Epinephrine auto-injectors are the mainstay of emergency treatment for anaphylactic allergic reactions, but despite many years of widespread use, important questions about them remain unanswered. At the American Academy of Allergy, Asthma, and Immunology (AAAAI) annual meeting that was supposed to have occurred last weekend — cancelled, like many others, as a precaution to prevent COVID-19 spread — a number of research presentations on these products were scheduled. Here are some of the highlights.
Don’t Look to Restaurants to Have EpiPens on Hand
If your child experiences a food allergy anaphylaxis event at a restaurant, the chances that epinephrine would be used to mitigate the attack may not be good, according to Abstract #010.
The Cross-Canada Anaphylaxis Registry counted 695 cases of emergency department anaphylaxis cases since 2011, finding that although 144 cases occurred in restaurants, epinephrine at the restaurant was used in 38.5% of the cases — and was used in just 48% of cases in which a patient was known to have a food allergy, reported Jordan Trevisonno, MD, of Royal Victoria Hospital/McGill University Health Centre in Montreal.
“Outpatient epinephrine use was low among participants who suffered anaphylaxis in a restaurant,” he said. “There is a need for educational programs promoting epinephrine use and allergen avoidance for restaurant staff and patrons. Policies encouraging restaurants to learn how to use and to stock epinephrine auto-injectors are required.”
Trevisonno and colleagues said that most of the cases — 114 of the 144 cases — involved children, and that most commonly, the anaphylaxis cases — 18.4 % — were triggered by peanut allergies.
“Studies suggest that food allergy and anaphylaxis are increasing and that fatality may occur outside the home,” the researchers said. “No large-scale prospective studies have assessed the management of anaphylaxis in restaurants. Our goal was to evaluate clinical characteristics and management of anaphylaxis occurring in restaurants.”
The registry includes cases in five provinces of Canada, and the case met the definition of anaphylaxis as defined by the position paper of the European Academy of Allergy and Clinical Immunology on the management of anaphylaxis in childhood.
Most Episodes Occur at Home
Another abstract (#009) by McGill researchers prepared for the meeting found that most anaphylaxis events occurred in the household where the allergic individual lived.
Medical student Sabrina Bartolucci, MSc, reported that from 2011 to 2019, there were 2,092 cases of anaphylaxis presented to the emergency department at Montreal Children’s Hospital. Of those cases in children, 1,652 (78.97%) of the total occurred in the home, she reported.
In this study, the most frequent trigger of an anaphylaxis event was a food allergy, which occurred in 1,469 cases or 88.98% of the cases, and the most frequent food trigger was peanuts — 19.61% of the events, she reported.
“Patients more likely to receive epinephrine prior to arrival were those with previously identified food allergy,” the researchers said. “The frequency of food-induced anaphylaxis is increasing, the majority of reactions occurring at home. Our findings demonstrate that most episodes of anaphylaxis in children occur at home and are triggered by food. Those with previously identified food allergy, who are older, or have anaphylaxis triggered by certain foods, are more likely to be treated with epinephrine prior to arrival in the emergency department. Future efforts should focus on identifying barriers to the use of epinephrine in younger children.”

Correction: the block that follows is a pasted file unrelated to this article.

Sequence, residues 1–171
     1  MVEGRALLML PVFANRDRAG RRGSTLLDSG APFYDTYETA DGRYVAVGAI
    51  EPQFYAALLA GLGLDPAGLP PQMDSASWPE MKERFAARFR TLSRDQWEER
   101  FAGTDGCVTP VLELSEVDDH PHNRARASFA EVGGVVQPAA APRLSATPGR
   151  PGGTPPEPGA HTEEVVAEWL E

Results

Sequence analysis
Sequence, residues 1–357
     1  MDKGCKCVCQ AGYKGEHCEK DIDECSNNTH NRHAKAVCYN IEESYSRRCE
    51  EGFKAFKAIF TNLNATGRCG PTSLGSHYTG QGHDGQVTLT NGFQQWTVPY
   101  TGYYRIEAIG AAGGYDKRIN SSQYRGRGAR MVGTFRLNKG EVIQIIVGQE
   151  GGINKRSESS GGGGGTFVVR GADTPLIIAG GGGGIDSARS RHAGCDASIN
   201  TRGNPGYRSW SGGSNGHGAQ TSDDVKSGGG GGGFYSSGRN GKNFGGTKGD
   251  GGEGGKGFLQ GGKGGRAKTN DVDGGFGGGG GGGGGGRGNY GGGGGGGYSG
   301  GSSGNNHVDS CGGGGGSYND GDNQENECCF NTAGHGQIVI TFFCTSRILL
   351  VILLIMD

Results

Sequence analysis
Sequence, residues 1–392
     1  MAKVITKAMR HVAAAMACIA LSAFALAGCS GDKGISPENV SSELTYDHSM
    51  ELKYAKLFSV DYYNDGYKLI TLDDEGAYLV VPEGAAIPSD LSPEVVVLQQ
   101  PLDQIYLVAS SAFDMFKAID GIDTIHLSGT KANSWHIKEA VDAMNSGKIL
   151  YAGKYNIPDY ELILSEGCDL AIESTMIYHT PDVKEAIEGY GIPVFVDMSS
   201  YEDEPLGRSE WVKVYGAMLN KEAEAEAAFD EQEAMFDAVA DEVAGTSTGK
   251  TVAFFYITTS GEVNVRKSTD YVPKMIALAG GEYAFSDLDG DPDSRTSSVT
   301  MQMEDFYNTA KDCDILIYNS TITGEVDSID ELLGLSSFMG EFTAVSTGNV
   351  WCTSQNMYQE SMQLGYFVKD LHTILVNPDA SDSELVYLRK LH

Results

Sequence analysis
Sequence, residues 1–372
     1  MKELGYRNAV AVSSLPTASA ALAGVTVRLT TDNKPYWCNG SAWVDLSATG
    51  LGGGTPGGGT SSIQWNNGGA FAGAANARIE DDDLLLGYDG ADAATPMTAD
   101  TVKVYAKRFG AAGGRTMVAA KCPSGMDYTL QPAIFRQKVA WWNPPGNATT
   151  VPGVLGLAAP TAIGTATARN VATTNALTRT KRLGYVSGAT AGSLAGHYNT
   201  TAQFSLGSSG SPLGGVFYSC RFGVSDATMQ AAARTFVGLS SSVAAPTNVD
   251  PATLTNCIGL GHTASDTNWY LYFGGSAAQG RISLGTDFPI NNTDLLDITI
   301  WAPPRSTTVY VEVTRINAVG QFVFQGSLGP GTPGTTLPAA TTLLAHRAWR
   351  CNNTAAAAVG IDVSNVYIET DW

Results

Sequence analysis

Expired EpiPens Still Work
Auto-injector epinephrine pens, often carried by individuals with known food allergies, still are effective even after their “expiration” dates, researchers reported.
In Abstract #007, Brittany Boswell, MD, of Seattle Children’s Hospital/University of Washington, reported that even after 24 months past the expiration date, 84% of the 77 EpiPens tested retained at least 90% of epinephrine concentration.
Boswell and colleagues performed a literature search to find studies of expired auto-injectors, and located eight relevant articles that scrutinized the content of pens that had exceeded their purported shelf life by 4 months, 12 months, or 24 months.
“Epinephrine auto-injectors provide life-saving treatment in the event of anaphylaxis,” she reported. “Common challenges include short expiration dates, high replacement costs, and epinephrine auto-injector shortages. Studies suggest that epinephrine auto-injectors might provide therapeutic levels of epinephrine after their expiration dates, and during a shortage, one manufacturer recently extended expiration dates of certain epinephrine auto-injector lots by 4 months.”
In the literature search, the team located studies that considered eight auto-injectors that had been expired for 4 months — all of them still contained more than 90% epinephrine concentrations — a level demanded by the FDA for effectiveness. Of 28 auto-injectors that had expired 12 months earlier, 75% still contained more than a 90% concentration of epinephrine. And 84% of the devices that had expired 24 months previously also contained at least 90% epinephrine concentrations.
“Expired epinephrine auto-injectors may contain more than 90% epinephrine concentration, which would assist with the costs and challenges of maintaining in-date supplies, particularly in times of epinephrine auto-injector shortages,” Boswell said. “However, given the uncertainty of optimal epinephrine dosing, epinephrine pharmacokinetics in anaphylaxis, and effects of epinephrine degradation products, more information is needed.”